On the boundary of what the ancient Greeks and Romans considered the habitable world, Ireland was a land of myth and mystery in classical times. Classical authors frequently portrayed its people as savages—even as cannibals and devotees of incest—and evinced occasional uncertainty as to the island's shape, size, and actual location. Unlike neighboring Britain, Ireland never knew Roman occupation, yet literary and archaeological evidence prove that Iuverna was more than simply terra incognita in classical antiquity.
In this book, Philip Freeman explores the relations between ancient Ireland and the classical world through a comprehensive survey of all Greek and Latin literary sources that mention Ireland. He analyzes passages (given in both the original language and English) from over thirty authors, including Julius Caesar, Strabo, Tacitus, Ptolemy, and St. Jerome. To amplify the literary sources, he also briefly reviews the archaeological and linguistic evidence for contact between Ireland and the Mediterranean world.
Freeman's analysis of all these sources reveals that Ireland was known to the Greeks and Romans for hundreds of years and that Mediterranean goods and even travelers found their way to Ireland, while the Irish at least occasionally visited, traded, and raided in Roman lands. Everyone interested in ancient Irish history or Classics, whether scholar or enthusiast, will learn much from this pioneering book.
Toward the end of the first century of our era, the Roman general Agricola stood on the shore of southern Scotland gazing a few miles across the Irish Sea at the rolling green hills of an island he knew to be rich in agricultural and mineral wealth. However, he did not invade Ireland, nor did the legions of Rome ever raise their banners over the fertile plains of Ulster or the rocky pastures of Connemara. Ireland remained beyond the political frontiers of Rome during the centuries when the empire controlled nearby Britain and Gaul; nevertheless, there was steady contact between Ireland and the classical world. Literary and archaeological evidence show that Ireland was known to the Greeks and Romans for hundreds of years, and that Mediterranean goods, and even travelers, found their way to Ireland, while the Irish at least occasionally visited, traded, and raided in Roman lands.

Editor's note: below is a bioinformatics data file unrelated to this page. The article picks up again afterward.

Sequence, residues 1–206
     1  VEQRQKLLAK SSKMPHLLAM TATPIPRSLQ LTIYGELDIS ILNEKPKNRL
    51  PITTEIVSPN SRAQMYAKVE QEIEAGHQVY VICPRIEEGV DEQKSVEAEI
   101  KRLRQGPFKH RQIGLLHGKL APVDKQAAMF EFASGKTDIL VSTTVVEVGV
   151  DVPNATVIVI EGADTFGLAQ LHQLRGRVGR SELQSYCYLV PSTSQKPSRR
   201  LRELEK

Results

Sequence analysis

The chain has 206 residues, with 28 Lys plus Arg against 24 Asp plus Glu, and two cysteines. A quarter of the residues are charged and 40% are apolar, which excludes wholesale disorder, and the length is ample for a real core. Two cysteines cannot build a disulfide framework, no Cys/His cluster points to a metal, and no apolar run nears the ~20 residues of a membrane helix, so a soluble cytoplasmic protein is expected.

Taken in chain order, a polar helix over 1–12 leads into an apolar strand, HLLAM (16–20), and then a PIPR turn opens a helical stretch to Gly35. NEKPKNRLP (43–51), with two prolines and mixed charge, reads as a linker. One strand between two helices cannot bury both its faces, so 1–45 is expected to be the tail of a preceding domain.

This book, the first ever written on relations between Ireland and the classical world, is an interdisciplinary study of all evidence linking early Ireland to the civilized lands of the Mediterranean during antiquity. The primary focus is on the literary evidence of Greek and Latin texts—that is, what the classical authors said about Ireland—but archaeological, linguistic, and other pieces of the complex puzzle are explored as well. Chapter One begins with a brief survey of archaeological evidence for contact between Ireland and the Mediterranean world. Chapter Two examines the linguistic evidence for Hiberno-Roman relations, including early Irish borrowing of Latin words and possible Roman inspiration for the Irish Ogam alphabet. Chapter Three goes beyond the evidence of archaeology and language to the classical accounts of Ireland in ancient literature. This, the main body of the book, is a comprehensive survey of every word the ancient Greek and Roman authors wrote about Ireland that survives, from claims of Irish cannibalism and exploding cattle to detailed geographical descriptions of the island's rivers and towns.
The boundaries of the material studied in this book stretch back as far as the earliest classical references to Ireland, perhaps dating to the fifth century B.C. The closing date of the study is more arbitrary in many ways, as the transition from classical times to the early medieval period in Ireland and western Europe in general is somewhat fluid. I have chosen the traditional date of the arrival of St. Patrick (A.D. 432) as a terminus, both because the classical world of the western Roman empire had collapsed by this date and because the establishment of Christianity marked a fundamental change from ancient to medieval Irish history. This is not to say that pre-Christian Irish culture disappeared with the introduction of the new religion—far from it. But after St. Patrick, Christianity opened Ireland to the influence of the Mediterranean world to a degree far greater than in the previous centuries of limited contact.
This book is written for everyone interested in the history of Ireland during ancient times, whether scholar or enthusiast. Accordingly, I have supplied original-language texts and detailed references to classical and secondary literature for those with a scholarly inclination, as well as explanations of obscure terms and translations of all Greek, Latin, and Irish words and passages for the general reader. In a few instances, a limited knowledge of the Greek alphabet is helpful; thus a chart with English equivalents is included (see Appendix 1). All the translations are my own and are literal rather than literary, preserving as closely as possible the original sense, sound, and sometimes the confusing ambiguities of the texts. Forms in italics indicate transliterations of the original-language text (e.g., Hibernia); otherwise, standard modern forms are commonly used (e.g., "Ireland"). To avoid unnecessarily distorting the original words of the ancient authors, no attempt has been made to Latinize Greek names for Ireland or its tribes, towns, and rivers in the translations of their words (thus Iwernia instead of Ivernia, and Woluntioi rather than Voluntii).